I awoke to somebody shaking me. "Delia..."


"Delia, wake up!" a voice, Brendan's voice, cut through the darkness. My eyes snapped open, and, just as quickly, snapped closed as I groaned and turned away from the bright light above my head.

"What happened?" I muttered, rubbing my eyes. It felt like someone had closed an airlock on my head.

"I was hoping you'd tell me. You were gone for more than an hour before the same Jem'Hadar that took you came to get me. Why we've been given quarters is an entirely different matter."

"What?" I asked, blinking. I squinted against the light, and lo and behold, we weren't in the holding cell any longer. I propped myself up on my elbows to get a better look. Brendan seemed satisfied that I could hold myself up, and backed away.

"What did you tell them?" he asked me, his gaze fierce. I shook my head.

"N-Nothing of any importance," I replied, shaking my head, and trying to recall the strange conversation with Weyoun. "My name, where we were heading-" Brendan grunted.

"Good job, Delia," he said with a sarcastic laugh, "now it will be all too easy for them to get you to do what they want you to." I sat up.

"What do you mean?"

"What do I mean? What do you think I mean? They know your name, they know your rank. They can find out where you're from, where your family is,come on, Delia, do you think they'll just leave that information alone? If they want something from you, the next thing they're going to do is threaten your family."

I could feel a lump building in my throat. If I don't agree to do what they want, they'll harm daddy, I thought.

"Now I'll ask, again, Delia. What exactly did you tell them?"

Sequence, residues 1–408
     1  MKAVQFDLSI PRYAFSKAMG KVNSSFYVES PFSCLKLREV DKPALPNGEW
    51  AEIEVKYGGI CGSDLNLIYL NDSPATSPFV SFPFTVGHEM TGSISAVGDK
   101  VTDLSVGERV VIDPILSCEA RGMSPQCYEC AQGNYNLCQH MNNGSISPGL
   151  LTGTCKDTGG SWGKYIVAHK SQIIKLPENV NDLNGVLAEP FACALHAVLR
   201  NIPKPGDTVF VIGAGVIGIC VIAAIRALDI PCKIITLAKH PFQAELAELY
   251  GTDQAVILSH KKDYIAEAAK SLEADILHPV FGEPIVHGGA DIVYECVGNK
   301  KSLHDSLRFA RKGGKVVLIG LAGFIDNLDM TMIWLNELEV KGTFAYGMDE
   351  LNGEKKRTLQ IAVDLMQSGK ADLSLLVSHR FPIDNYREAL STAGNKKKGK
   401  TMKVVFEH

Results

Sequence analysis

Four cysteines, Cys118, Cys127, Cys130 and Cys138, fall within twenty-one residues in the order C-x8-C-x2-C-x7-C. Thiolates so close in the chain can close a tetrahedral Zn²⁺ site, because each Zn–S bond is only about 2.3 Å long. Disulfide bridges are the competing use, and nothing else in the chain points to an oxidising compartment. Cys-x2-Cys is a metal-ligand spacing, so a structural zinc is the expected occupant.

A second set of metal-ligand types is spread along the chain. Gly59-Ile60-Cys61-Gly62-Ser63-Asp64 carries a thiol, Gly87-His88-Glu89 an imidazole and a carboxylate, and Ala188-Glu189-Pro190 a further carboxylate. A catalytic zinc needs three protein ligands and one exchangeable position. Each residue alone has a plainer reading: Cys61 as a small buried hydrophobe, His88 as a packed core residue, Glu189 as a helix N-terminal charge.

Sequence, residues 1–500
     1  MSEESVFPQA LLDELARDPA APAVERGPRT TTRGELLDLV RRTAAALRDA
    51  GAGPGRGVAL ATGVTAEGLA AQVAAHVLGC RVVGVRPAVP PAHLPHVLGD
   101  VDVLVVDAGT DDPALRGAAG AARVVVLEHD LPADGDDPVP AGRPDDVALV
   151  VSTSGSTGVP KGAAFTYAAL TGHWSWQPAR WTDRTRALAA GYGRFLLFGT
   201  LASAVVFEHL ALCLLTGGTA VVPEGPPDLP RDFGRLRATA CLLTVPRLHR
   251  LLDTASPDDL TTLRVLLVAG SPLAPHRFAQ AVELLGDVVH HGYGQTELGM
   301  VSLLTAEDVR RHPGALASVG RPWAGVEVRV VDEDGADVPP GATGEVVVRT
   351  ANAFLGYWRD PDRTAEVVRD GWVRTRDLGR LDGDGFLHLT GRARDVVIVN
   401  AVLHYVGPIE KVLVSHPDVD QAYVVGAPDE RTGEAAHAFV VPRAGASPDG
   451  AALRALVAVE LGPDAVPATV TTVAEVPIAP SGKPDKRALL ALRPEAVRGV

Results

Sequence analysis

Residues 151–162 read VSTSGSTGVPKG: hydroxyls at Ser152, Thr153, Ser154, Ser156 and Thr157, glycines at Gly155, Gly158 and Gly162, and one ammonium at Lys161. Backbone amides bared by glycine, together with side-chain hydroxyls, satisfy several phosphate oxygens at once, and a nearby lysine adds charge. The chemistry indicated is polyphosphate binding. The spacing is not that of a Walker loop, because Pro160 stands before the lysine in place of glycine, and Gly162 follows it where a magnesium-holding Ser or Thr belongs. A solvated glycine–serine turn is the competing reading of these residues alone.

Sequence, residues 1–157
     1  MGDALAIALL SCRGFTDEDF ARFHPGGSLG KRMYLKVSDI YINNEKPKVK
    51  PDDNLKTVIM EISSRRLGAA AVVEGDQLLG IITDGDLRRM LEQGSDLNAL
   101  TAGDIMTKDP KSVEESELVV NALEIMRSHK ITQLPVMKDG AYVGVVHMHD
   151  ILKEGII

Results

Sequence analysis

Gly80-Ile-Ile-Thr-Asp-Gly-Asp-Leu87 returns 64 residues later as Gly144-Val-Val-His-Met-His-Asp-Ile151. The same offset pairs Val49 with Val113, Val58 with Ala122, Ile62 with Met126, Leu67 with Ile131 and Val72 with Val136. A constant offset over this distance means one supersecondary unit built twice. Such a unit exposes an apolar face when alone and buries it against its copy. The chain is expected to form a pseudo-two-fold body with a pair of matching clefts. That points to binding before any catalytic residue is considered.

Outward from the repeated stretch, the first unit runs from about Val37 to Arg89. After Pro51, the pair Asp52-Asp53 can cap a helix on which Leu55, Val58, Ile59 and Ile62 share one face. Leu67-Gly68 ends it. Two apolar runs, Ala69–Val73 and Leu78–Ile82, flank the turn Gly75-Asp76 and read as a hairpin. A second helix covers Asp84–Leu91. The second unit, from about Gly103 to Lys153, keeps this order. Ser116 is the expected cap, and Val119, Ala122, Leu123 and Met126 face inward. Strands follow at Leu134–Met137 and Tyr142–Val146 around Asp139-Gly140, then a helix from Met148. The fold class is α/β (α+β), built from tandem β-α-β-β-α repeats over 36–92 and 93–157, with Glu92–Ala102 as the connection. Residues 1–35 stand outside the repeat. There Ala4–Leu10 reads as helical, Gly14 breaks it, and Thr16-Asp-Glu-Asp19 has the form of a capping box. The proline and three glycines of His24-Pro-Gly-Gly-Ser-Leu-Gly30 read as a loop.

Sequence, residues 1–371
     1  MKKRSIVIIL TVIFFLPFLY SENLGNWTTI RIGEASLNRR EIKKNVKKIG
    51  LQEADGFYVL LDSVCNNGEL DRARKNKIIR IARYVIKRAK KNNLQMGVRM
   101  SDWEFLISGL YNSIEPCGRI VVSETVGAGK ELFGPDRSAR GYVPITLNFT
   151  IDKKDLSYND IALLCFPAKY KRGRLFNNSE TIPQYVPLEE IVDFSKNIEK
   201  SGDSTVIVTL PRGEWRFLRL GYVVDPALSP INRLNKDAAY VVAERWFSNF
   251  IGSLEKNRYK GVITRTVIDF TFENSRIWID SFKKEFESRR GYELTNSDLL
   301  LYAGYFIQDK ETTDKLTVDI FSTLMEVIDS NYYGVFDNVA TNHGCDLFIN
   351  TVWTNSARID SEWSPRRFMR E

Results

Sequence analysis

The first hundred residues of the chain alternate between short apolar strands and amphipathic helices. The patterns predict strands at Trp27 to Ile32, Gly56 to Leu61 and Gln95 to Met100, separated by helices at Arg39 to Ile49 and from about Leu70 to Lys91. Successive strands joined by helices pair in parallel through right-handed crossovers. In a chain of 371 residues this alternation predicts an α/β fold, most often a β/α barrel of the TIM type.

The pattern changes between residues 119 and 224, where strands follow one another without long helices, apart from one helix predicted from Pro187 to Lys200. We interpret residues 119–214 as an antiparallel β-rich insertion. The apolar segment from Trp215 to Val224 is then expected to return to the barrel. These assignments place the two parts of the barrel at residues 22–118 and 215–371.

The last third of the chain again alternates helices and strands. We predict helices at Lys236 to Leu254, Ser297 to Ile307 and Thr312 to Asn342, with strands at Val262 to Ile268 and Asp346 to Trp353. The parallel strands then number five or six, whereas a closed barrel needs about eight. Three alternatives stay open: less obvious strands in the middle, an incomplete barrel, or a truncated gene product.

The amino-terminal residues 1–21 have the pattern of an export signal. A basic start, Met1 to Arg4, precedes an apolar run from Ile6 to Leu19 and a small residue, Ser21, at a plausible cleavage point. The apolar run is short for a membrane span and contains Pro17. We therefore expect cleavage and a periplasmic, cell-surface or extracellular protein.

I pulled my knees to my chest, looked up at Brendan, who had begun to pace the room, and told him all of what had happened from the moment I'd left the holding cell to the moment I came to on the floor in that room. His responses ranged from a mere shake of the head, to him punching the wall and muttering, "Damnit." When I was done, when I was sure I'd relayed every detail of my interrogation, if you could call it that, to Brendan, we both fell silent as he paced.

"You're going to have to do it, Delia," he said, all of a sudden. I glared at him, fury and confusion flashing in my eyes.

"But, how can I? It's treason! I'll wind up in jail for the rest of my life!" I shouted.

"Well, you could always refuse, and be forced to watch your parents and little sister die horrible deaths, before you die a horrible death as well," he hissed. His eyes had that crazed look that I'd seen in the eyes of Gul Dukat in videos. I decided that it had to be a Cardassian thing. I held my head in my hands.

Brendan perched on the small, metal table that sat in the corner, under what looked like an ancient replicator, and shot me evil glances as he pondered something. I rubbed my temples, willing the pain away, willing the fog in my head to clear. Once I was sure I could stand up, I did, and took the few steps between myself and the bed that took up half the room as quickly as possible.

I flopped down on the bed, face down, and lay there until Brendan crossed the room and laid down next to me. He grabbed my shoulder and rolled me over until I faced him. "There's still one thing I don't understand, though, Delia," he said, "And if you think about it, I'm pretty sure you'll find that it doesn't make any sense. Now, they want you to be their spy. They want you to carry out their plans and find out what the Federation's next move will be in the war. But why, then, why would they have me be given the same treatment as you?" He stared me dead in the eye. "Why would they give me clothes and dress my wounds?" I looked at him carefully and, for the first time, noticed that he wasn't wearing his Starfleet-Standard-Issue uniform in any capacity anymore.